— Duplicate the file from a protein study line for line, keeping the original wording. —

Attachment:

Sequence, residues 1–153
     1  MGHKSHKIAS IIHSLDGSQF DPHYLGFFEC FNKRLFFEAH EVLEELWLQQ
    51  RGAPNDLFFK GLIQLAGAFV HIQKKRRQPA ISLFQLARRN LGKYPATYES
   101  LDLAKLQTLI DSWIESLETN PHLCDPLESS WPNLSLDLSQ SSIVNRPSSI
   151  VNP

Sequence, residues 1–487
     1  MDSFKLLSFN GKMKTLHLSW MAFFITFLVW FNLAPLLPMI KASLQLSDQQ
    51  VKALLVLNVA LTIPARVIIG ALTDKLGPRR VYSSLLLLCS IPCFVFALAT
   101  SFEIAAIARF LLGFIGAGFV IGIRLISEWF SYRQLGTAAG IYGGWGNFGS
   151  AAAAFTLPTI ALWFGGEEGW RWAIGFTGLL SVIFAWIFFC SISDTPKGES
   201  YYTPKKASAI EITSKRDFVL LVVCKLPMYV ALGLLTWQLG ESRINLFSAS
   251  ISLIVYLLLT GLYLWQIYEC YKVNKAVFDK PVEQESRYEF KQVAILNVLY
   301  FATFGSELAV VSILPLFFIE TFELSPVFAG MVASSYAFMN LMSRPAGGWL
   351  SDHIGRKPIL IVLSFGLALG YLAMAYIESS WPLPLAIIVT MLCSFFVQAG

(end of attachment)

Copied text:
Sequence, residues 1–153
     1  MGHKSHKIAS IIHSLDGSQF DPHYLGFFEC FNKRLFFEAH EVLEELWLQQ
    51  RGAPNDLFFK GLIQLAGAFV HIQKKRRQPA ISLFQLARRN LGKYPATYES
   101  LDLAKLQTLI DSWIESLETN PHLCDPLESS WPNLSLDLSQ SSIVNRPSSI
   151  VNP

Sequence, residues 1–487
     1  MDSFKLLSFN GKMKTLHLSW MAFFITFLVW FNLAPLLPMI KASLQLSDQQ
    51  VKALLVLNVA LTIPARVIIG ALTDKLGPRR VYSSLLLLCS IPCFVFALAT
   101  SFEIAAIARF LLGFIGAGFV IGIRLISEWF SYRQLGTAAG IYGGWGNFGS
   151  AAAAFTLPTI ALWFGGEEGW RWAIGFTGLL SVIFAWIFFC SISDTPKGES
   201  YYTPKKASAI EITSKRDFVL LVVCKLPMYV ALGLLTWQLG ESRINLFSAS
   251  ISLIVYLLLT GLYLWQIYEC YKVNKAVFDK PVEQESRYEF KQVAILNVLY
   301  FATFGSELAV VSILPLFFIE TFELSPVFAG MVASSYAFMN LMSRPAGGWL
   351  SDHIGRKPIL IVLSFGLALG YLAMAYIESS WPLPLAIIVT MLCSFFVQAG